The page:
NOBA Nordic Baltic contemporary art platform

At the heart of the exhibition are memories. Memory, remembering and memories are intrinsic to the nature of photography. An artist's book will be published in conjuction with the exhibition A book launch and discussion with Heli Rekula and professor Hanna Joensuu will be held at the gallery.

In her new exhibition Drunken gods and a box of colours Heli Rekula has returned to the material she photographed in Mexico in autumn 1988. On her journey Rekula was caught in the middle of Hurricane Gilbert, in the eye of the storm on the Yucatán Peninsula. There was no escape, so the artist and her travelling companion were left to wait for the storm to die down. It lasted two days and left a powerful impression in the memory of the young photography student. Returning to the events of the journey via an exhibition now, 30 years later, is a way of investigating how looking at the world through the camera has changed, what was worth recording, and how an image was constructed. On the one hand, the passage of time has brought distance, while on the other, returning to these pictures has been a natural, meaningful thing to do. The storm is present in the works via satellite images. Of the photographs taken on the journey those that have ended up in the exhibition include images of rain forest, stray dogs and rock paving. The journey was to be an important experience, even though while it was happening, Rekula was not aware of what she could have done with the photographs. Now, decades later, going back to this material repositions the pictures in the artist’s production.

My notes are black and white and grey tones in between. No writing, no drawings. Photographs. Thirty rolls of film, of which eight rolls are missing today, nowhere to be found. Too many years in between, things tend to get lost. These photos were taken right before and after the storm. None during the eye. What was there to photograph, windows shuttered with plywood boards: the sound of the roaring wind and the rain, the dead calm between the walls of storm. In the quiet of the eye I looked out the window. I remember the stillness, the deep silence, the glowing purple-grey light casting no shadows.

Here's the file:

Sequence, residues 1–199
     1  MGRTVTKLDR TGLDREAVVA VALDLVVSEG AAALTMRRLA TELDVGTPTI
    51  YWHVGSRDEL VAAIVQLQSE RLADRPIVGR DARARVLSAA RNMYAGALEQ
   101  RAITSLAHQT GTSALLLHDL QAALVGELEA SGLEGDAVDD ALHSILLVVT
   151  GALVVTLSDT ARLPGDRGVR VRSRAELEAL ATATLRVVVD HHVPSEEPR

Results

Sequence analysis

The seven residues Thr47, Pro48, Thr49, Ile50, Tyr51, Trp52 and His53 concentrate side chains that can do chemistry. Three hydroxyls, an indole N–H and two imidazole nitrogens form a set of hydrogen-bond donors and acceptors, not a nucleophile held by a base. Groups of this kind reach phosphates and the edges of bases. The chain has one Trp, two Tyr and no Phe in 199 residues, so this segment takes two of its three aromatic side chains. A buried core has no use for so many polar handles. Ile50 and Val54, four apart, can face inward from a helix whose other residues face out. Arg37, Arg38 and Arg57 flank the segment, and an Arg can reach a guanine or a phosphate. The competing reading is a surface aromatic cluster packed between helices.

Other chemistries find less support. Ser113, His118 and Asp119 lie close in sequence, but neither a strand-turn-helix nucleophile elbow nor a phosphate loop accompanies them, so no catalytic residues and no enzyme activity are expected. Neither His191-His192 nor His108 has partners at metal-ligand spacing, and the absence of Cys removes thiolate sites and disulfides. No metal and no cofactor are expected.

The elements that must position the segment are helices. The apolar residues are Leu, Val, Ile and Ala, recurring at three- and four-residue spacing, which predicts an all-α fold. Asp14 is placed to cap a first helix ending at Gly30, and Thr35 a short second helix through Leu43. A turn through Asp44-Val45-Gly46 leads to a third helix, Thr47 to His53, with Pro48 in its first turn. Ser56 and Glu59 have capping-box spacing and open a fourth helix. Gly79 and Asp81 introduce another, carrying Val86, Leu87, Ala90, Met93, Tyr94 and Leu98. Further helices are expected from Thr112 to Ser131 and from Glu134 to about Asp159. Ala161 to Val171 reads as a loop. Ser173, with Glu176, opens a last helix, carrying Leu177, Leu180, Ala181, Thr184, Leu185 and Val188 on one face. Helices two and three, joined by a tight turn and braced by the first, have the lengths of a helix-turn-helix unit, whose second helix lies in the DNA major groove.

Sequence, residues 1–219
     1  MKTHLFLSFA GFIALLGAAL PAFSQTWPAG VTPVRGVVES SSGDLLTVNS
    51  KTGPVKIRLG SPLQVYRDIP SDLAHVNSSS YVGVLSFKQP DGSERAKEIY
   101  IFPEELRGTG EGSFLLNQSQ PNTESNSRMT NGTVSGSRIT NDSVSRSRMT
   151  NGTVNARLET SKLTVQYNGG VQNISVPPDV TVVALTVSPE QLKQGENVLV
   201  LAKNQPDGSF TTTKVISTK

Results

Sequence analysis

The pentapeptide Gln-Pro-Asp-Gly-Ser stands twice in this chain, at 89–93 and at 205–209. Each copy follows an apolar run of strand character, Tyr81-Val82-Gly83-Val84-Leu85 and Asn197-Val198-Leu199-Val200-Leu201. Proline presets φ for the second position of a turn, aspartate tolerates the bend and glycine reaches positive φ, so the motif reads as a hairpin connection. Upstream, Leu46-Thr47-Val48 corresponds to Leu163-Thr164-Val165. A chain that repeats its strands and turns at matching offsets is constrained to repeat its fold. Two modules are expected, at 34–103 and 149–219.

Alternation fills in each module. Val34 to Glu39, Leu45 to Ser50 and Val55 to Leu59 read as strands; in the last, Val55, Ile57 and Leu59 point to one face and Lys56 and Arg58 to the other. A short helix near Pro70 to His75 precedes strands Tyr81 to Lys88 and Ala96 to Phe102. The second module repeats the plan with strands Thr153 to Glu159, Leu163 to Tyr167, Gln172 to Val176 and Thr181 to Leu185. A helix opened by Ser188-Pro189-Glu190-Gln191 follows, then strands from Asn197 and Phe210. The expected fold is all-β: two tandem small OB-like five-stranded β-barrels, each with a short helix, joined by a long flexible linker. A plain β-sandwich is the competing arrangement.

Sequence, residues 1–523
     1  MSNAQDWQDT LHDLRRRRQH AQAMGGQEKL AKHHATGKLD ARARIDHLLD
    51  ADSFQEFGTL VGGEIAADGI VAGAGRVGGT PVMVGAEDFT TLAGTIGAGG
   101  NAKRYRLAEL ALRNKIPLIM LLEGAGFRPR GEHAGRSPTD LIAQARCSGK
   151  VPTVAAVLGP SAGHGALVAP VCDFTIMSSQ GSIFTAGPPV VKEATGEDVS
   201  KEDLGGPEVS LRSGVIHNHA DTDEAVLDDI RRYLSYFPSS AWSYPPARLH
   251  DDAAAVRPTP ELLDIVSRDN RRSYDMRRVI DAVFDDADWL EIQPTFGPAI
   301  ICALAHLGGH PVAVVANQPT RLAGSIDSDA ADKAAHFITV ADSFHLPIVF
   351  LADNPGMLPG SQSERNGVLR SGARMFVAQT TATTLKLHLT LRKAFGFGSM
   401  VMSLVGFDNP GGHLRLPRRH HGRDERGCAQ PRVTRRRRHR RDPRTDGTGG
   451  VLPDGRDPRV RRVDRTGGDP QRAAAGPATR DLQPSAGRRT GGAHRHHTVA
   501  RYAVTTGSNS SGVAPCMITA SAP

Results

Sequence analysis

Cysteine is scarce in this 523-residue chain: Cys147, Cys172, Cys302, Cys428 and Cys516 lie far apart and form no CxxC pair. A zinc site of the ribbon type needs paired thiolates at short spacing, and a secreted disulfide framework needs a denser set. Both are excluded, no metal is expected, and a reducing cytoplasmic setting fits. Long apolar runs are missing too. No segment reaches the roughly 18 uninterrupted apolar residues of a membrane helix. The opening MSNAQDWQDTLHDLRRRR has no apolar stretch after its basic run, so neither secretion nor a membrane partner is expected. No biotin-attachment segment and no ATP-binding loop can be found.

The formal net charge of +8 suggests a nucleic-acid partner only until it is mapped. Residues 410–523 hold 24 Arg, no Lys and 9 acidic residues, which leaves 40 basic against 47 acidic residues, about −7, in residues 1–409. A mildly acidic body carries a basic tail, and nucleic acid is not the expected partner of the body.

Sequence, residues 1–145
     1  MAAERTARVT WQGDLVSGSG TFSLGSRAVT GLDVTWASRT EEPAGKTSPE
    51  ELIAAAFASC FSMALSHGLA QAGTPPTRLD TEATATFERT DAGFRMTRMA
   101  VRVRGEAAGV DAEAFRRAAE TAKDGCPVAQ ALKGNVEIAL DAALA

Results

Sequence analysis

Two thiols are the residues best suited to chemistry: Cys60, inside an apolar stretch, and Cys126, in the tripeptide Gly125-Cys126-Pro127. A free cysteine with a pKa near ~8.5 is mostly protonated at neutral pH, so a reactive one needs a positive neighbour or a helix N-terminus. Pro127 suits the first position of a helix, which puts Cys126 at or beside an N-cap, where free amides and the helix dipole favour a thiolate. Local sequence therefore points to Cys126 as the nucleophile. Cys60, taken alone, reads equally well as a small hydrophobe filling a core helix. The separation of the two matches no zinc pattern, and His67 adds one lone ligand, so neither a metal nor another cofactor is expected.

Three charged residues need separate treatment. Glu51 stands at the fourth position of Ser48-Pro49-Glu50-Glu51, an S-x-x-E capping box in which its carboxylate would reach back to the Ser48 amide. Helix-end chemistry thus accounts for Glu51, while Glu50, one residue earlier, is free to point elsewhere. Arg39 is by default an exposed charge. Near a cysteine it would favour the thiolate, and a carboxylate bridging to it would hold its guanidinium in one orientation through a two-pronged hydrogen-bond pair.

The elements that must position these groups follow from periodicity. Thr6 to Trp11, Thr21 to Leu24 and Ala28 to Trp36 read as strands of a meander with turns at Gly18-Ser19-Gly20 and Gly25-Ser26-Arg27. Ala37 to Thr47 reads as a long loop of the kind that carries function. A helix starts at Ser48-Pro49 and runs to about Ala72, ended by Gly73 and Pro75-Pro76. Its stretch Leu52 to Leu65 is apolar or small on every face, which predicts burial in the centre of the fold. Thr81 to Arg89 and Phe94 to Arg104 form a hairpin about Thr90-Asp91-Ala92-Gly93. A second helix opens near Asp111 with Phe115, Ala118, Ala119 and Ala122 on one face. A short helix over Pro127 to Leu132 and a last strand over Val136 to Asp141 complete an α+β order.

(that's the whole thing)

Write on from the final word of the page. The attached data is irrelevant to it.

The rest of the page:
At the heart of the exhibition are memories. Memory, remembering and memories are intrinsic to the nature of photography. Already in her last two solo exhibitions – InHemingway’s Garden at Helsinki Contemporary and As the Crow Flies at EMMA – Espoo Museum of Modern Art – Rekula has used image material acquired and assembled from various different archives for background research and for making works for the exhibition. Now, she has for the first time taken a look back at her own artistic past, at image material she herself has recorded. Rekula has often thought about how we would remember things and events if photography did not exist. It is typically human to doubt our own memories: are the things we remember imagined or real occurrences? Material recorded on camera serves as an aid to memory while, as a medium, it constructs new memories.

The pictures taken in Mexico tell us about subjective experiences, which Rekula now submits for public inspection in the form of artworks. The pictures taken on the trip acquire a new mode of existence through the artist’s choices, they become artworks, they face the public and endless reinterpretation.

Rekula has reworked the material using photogravure and silk-screen printing. Graphic techniques based on photography have been incorporated into her artistic working process via the Trykkeriet printmaking centre in Bergen, Norway. What interests Rekula in photogravure is the fragility of the three-colour process. A chance event will often occur in pulling the print: the printing plates may be out of register, or misaligned, so that the resultant image is disjointed. These chance occurrences are often interesting, making the aesthetics of error that has always fascinated Rekula a part of the artwork. 

The title of the exhibition, Drunken gods and a box of colours, comes from the Mexican folk tale The Story of Colors*, which tells how a black-and-white planet got colours. The gods discover colours and share them with the world. The exhibition shows original material shot on black-and-white film that has been given colour – and hence a new form – during the physical, material process of graphic printing.

*[(Subcomandante Marcos, The Story of Colours, trans. Anne Bar Din (Guadalajara: Cinco Puntos Press, 1999)]

Gallery name: Helsinki Contemporary

Address: Bulevardi 10, Helsinki

Opening hours: Tue-Fri 12:00 - 18:00, Sat-Sun 12:00 - 16:00

Open: 04.10.2019 - 27.10.2019